Get all our letters by signing up here
The universe sends me gifts in the form of a question I often get asked in this line of work: “Who are you to be an expert?”
The question is an opportunity to claim a piece of my self.
My favored response is something like: If I tell you I’m not an expert, then in this moment of patriarchy and misogyny, I’m relinquishing a piece of my own power. And if I tell you why I am an expert then I’m going against the very pedagogy that I believe will serve you best on your journey. I’m not here to hold something – knowledge, experience, identity, whatever – over you. I’m here because I love to walk with adults as they learn hard things and transform themselves to make a bigger impact in the world for justice, freedom, and love.
2018 was a crucible that helped us discover the meaning of our work at Up With Community. I want to take the next few letters to share those reflections with you.
First, we have the honor of being called by leaders that are seeking to manage a transformation project for their team. This may be integrating equity into the DNA of their organization, or becoming a more inclusive community. It may look like improving their collective strategic thinking, or developing a stronger HR and work culture. Whatever the aim, they are in a position to take a big risk in their own leadership, and they are seeking a coach that can learn with them and help them grow.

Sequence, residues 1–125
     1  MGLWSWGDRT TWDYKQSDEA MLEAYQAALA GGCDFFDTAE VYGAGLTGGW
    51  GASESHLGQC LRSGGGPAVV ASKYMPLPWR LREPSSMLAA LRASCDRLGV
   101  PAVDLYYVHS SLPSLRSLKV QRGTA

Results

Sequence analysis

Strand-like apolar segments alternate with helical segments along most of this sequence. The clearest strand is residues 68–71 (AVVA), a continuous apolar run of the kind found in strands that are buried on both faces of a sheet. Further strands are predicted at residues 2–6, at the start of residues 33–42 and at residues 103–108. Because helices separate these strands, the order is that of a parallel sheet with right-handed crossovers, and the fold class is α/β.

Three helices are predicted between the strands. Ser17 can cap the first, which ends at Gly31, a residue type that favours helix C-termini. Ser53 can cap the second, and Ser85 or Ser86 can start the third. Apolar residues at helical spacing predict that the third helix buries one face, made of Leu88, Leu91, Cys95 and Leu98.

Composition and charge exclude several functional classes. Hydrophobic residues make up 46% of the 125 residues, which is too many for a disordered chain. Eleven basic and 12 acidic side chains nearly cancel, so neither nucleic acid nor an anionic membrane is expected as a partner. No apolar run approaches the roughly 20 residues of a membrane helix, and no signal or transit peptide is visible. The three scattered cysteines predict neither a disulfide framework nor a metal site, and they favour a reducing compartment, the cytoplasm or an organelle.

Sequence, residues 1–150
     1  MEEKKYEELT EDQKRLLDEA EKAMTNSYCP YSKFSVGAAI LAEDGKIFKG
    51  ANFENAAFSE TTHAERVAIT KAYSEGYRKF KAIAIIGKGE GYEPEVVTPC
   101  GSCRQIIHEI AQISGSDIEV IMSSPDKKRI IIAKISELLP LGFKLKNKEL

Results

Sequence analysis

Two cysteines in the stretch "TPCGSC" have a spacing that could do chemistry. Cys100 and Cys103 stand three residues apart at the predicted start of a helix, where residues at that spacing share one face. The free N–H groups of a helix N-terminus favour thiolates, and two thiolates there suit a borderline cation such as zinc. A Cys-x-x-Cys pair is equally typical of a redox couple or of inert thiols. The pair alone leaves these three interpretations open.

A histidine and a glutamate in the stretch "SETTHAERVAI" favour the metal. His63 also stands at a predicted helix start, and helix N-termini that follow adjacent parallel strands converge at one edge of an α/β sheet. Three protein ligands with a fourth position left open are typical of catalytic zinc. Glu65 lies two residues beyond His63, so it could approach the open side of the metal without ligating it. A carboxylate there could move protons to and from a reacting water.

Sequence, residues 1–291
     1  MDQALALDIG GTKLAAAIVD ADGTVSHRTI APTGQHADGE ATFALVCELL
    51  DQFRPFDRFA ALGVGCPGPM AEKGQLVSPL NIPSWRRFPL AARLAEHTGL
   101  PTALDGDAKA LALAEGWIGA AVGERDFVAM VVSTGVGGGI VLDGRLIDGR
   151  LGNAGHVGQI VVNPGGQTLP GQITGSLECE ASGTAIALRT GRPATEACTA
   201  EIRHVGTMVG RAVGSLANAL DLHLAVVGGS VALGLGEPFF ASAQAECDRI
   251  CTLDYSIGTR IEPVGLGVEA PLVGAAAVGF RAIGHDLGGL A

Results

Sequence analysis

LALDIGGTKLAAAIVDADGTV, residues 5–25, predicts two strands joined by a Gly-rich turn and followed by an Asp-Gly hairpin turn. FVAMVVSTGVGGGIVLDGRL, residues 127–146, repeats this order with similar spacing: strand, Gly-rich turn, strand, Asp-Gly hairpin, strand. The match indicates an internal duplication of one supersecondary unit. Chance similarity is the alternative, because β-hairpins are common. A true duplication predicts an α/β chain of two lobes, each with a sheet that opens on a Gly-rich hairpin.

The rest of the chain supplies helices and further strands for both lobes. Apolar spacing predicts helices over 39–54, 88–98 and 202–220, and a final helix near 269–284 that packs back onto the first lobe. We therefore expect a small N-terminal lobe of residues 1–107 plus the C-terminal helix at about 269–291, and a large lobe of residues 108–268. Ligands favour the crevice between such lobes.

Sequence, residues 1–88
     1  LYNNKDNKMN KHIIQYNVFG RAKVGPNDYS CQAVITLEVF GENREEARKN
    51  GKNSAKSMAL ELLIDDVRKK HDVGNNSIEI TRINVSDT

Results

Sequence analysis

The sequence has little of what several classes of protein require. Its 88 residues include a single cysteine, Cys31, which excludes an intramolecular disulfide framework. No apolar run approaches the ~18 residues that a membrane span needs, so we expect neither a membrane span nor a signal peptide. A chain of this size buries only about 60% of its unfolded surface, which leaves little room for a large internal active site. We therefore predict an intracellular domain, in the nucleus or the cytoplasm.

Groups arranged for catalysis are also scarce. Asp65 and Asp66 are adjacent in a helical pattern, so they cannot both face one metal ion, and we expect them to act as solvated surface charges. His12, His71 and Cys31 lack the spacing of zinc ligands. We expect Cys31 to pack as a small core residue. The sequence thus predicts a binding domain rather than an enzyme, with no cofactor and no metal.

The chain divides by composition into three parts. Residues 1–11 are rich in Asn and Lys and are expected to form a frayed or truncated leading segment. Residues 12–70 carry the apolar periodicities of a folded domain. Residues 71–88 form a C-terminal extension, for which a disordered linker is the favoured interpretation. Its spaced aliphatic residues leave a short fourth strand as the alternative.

Through the mentoring of incredible coaches and trainers, we’ve learned that there is no one size fits all support for leaders directing transformation projects. So, we design tailored growth experiences through 1-1’s, hands-on experiments, workshops, and experiential learning. We leave staff with increased capacity and skills to direct change projects on their teams moving forward.
Supporting organizational leaders through change ultimately requires taking risks, and that’s why I valued our conversation with Jennifer Sconyers about how to take risks in work, and, really, in life.
Like what you see here? Send this to a friend and encourage them to sign-up.
Oh, and here’s Johanna’s full quote that I think sums this up pretty well – “The most anti-capitalist protest is to care for another and to care for yourself. To take on the historically feminized and therefore invisible practice of nursing, nurturing, caring. To take seriously each other’s vulnerability and fragility and precarity, and to support it, honor it, empower it. To protect each other to enact and practice community. A radical kinship, an interdependent sociality, a politics of care. – Johanna Hedva, “Sick Woman Theory” (Thanks to Rob Berezny)